Probate Step by Step
Probating an estate in Michigan can involve numerous steps and paperwork. Most of this is handled by the Personal Representative – either someone named in the decedent’s will or appointed by the Probate Court.
When someone dies with property in their name, either Informal Probate or Formal Probate can be filed. The first step in this process is filing one of two different applications;
- Application for Informal Probate
- Petition for Formal or Supervised Probate
Informal Probate is generally the least complicated, least expensive, and most frequently filed.
Interested Parties and Beneficiaries
If a will was left, anyone named by the decedent in the will is considered an Interested Party, in addition to heirs not named in the will. Interested parties must be given notice when the filing of the estate begins.
There is a $150 filing fee to open the estate, and an additional $11 charge for each Letter of Authority, which is given to the Personal Representative. Letters of Authority give legal authority to probate the estate.
Creditor’s Claim Notice
Once the Letter of Authority has been issued, a Creditor’s Claim Notice must be published in the newspaper. This offers notice to creditors that the estate has been opened, and they can make a claim to retrieve debt from the estate.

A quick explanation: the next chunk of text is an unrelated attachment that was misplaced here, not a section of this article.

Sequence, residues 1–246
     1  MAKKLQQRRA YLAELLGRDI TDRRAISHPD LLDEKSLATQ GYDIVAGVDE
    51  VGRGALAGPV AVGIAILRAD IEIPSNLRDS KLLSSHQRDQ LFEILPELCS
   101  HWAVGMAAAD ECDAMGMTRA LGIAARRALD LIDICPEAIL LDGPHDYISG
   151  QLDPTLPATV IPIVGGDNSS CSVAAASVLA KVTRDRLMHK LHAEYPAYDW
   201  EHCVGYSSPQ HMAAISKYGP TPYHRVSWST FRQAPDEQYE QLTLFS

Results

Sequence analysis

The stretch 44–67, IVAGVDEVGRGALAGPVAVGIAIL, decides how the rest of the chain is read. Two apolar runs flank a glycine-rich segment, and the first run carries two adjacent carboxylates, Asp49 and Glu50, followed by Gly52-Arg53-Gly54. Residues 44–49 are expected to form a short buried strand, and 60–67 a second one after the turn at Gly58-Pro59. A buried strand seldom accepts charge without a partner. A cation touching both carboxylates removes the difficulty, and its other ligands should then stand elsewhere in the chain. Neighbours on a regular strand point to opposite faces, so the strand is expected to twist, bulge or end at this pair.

An actual notice of the opening of the estate must be sent from the Personal Representative to any known creditors. Creditors have up to four months from the date of publication of the Creditor’s Claim Notice to make a claim.
Estate Checking Account
In most estate cases, the Personal Representative opens up an estate checking account, and all remaining assets of the estate are to be liquidated into that account.
In addition, the Personal Representative must submit an inventory of all the decedent’s probate assets within 91 days of their appointment. An Inventory Fee based on percentage of the value of the assets is to be paid at this time.
A notice must be sent to the Friend of the Court, identifying the interested parties and the administration of the estate.
Closing the Estate
A final income tax return must be filed for the decedent, in addition to an estate income tax return if the estate earns more than $600 in a year.
Once all probate assets have been liquidated, the Personal Representative must provide a Final Account to the beneficiaries of the estate. This is usually submitted with the Closing Statement for the estate.
For additional information on probating an estate, or to speak with one of skilled and experienced estate lawyers, contact us online or call today at (734) 397-4540